LA D Y.
Nay gentle Shepherd, ill is lost that praise
That is address’d to unattending ears ;
Not any boast of skill, but extreme shift
How to regain my sever'd company,“ ***
Compell’d me to awake the courteous Echo

275 To give me answer from her moffy couch.

COMUS.

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And lap it in Elyfium ;] Sublimely See Paradise Lost, II. 260. and exprefs d to imply the binding up 1019. and the notes there. its rational faculties, and is opposed 268. Dwell A bere with Pan, &c) to the fober certainty of waking bliss. In the Manuscript he had written

But the imagery is taken from at first Lirft here with Pan &c: "Shakespear who has employ'd it, and see what he says of the Genius in praise of music, on twenty occa- of the wood in Arcades, and comfions. Il Warburton.

pare it with this passage.

270. To touch the proffrous growth 257

Scylla wept, And chid &c.] He had first writ- the Manuscript with what judgment

of this tall wood.] We see by * ten,

Milton corrected. And in this Scylla would weep view the publication of it by the And chide, then Chiding her bark- learned and ingenious Mr. Birch ing waves &c.

was very useful. In this line the VOL. II.

I

Manu.

.

28

COMUS.
What chànce, good Lady, hath bereft you thus?

LADY.
Dim darkness, and this leafy labyrinth.

COM U S.
Could that divide

you from near-ushering guides?

LADY.
They left me weary on a graffy turf.

COMU, S.
By falíhood, or discourtesy, or why?

L A DY.
To seek i'th' valley some cool friendly spring.

COM U S.
And left

your
fair fide all unguarded, Lady?

LADY.
They were but twain, and purpos'd quick return.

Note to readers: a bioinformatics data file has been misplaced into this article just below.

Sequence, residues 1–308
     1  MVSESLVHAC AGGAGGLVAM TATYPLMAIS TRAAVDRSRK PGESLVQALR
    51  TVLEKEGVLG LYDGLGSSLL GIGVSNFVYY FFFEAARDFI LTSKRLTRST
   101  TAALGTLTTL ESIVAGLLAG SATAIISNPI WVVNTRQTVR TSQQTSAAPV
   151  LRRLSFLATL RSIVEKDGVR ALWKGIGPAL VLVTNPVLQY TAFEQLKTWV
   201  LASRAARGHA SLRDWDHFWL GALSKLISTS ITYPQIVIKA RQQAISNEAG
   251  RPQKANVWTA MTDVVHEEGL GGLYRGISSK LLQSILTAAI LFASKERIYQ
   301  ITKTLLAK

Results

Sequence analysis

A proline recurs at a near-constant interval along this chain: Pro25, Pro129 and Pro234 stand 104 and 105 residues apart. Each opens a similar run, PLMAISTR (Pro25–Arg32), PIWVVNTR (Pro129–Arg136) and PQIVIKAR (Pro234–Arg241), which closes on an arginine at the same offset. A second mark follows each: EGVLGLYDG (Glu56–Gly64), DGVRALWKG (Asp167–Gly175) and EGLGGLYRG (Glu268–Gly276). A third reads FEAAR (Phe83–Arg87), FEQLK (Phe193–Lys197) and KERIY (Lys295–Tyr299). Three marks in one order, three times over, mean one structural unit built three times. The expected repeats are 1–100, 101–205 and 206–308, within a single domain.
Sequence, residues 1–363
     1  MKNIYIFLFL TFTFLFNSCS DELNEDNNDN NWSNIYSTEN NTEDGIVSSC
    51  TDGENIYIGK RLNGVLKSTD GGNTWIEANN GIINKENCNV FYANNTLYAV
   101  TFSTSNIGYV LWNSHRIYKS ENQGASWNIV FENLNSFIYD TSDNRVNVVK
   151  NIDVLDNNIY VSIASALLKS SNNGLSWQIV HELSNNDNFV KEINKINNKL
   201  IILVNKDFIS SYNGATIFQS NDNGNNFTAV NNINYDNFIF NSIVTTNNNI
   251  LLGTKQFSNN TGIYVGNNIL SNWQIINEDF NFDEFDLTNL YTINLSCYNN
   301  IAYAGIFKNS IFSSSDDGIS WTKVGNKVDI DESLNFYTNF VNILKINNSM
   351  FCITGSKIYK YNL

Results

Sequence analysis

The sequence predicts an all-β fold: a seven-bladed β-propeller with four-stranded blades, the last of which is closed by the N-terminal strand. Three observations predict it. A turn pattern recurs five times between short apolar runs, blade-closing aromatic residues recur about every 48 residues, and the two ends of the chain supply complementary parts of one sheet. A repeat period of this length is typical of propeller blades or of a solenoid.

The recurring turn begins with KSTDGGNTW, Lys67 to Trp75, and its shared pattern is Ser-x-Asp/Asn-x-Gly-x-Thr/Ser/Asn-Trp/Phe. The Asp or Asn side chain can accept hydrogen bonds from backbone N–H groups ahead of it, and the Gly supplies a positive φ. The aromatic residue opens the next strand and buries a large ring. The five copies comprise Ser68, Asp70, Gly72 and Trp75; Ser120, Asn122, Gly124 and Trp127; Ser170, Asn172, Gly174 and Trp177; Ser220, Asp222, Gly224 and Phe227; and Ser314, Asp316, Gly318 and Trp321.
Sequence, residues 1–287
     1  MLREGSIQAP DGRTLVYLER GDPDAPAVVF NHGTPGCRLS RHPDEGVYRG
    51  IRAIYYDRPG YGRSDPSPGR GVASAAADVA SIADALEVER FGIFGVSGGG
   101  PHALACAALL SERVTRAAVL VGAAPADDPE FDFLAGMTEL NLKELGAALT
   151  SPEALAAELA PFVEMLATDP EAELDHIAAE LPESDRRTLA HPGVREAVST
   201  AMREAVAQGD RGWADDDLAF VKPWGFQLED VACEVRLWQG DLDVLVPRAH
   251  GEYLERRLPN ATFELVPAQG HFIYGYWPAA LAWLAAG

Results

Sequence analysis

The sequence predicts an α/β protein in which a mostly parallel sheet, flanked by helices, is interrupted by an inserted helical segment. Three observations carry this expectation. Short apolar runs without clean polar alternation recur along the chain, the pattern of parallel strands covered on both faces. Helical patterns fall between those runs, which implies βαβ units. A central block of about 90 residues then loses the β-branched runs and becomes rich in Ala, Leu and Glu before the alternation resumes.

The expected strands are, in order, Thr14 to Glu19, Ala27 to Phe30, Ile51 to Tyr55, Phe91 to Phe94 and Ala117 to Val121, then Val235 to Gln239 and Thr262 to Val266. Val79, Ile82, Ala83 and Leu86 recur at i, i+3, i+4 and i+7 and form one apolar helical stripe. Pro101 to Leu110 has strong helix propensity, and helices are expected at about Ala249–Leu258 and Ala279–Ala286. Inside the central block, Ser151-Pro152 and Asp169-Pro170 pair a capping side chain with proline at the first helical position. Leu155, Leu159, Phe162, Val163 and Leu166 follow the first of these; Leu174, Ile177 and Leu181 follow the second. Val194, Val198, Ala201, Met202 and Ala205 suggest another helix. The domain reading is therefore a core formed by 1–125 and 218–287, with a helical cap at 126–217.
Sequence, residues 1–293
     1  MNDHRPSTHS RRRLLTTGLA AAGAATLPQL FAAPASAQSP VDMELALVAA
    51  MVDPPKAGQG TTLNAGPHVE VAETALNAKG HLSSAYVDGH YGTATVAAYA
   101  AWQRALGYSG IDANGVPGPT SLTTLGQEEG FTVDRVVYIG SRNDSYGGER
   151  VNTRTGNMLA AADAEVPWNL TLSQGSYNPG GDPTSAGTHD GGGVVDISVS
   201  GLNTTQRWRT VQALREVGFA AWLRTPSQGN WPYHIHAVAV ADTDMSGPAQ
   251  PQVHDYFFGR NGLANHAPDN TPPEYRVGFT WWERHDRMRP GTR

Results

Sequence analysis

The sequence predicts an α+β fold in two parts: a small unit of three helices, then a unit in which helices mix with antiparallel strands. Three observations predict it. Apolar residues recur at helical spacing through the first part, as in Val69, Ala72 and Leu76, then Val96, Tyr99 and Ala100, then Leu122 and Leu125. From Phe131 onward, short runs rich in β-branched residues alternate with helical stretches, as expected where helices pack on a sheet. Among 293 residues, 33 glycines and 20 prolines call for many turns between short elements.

COMUS.

a

full grown.

Manuscript had prospering, which 282. To seek i' th' valley fome cool Milton with judgment alter'd to friendly spring. ] Here Mr. prosperous ; for tall wood implies full Sympson observed with me, that grown, to which prosperous agrees, this is a different reason from what bat prospering implies it not to be the had allign'd before ver. 186. Warburton.

To bring me berries, or such 279.-- from near-uhering guides?] cooling fruit &c. He had written at first from their They might have left her on both ushering kanıls; and in the next accounts. vérse, They left me wearied. The

290. As smooth as Hebe's their unfirst alteration seems to be better

razor'd lips. ] Virgil Æn. IX. than the lait.

181.

Ora

COMUS.
Perhaps fore-ftalling night prevented them.

LADY.
How easy my misfortune is to hit! 286

COM U s.
Imports their loss, beside the present need?

LADY.
No less than if I should

my

Brothers lose.

COM U S. Were they of manly prime, or youthful bloom?

LADY.
As smooth as Hebe's their unrazor'd lips. 290

COM US.
Two such I saw, what time the labor’d ox
In his loose traces from the furrow came,

And

Ora puer primâ fignans intonfa

fol ubi montium juventâ. Richardson.

Mutaret umbras, et juga demeret

Bobus fatigatis. 291. Two fuch I saw, what time The Greeks have a single word

the labur’d ox &c.] In the Ma- that expresses the whole very hap; nuscript it is such two: and the notation of time is in the pastoral pily, Beaute tempus quo boves fol

vuntur, as in Homer Iliad. XVI. manner, as in Virgil. Ecl. II. 66.

779. Aspice, aratra jugo referunt fuf

ΗμG ο Μελισ μετενεισσιτο pensa juvenci :

βελυτoνδε. and in Horace Od. III. VI. 41.

I 2

293. And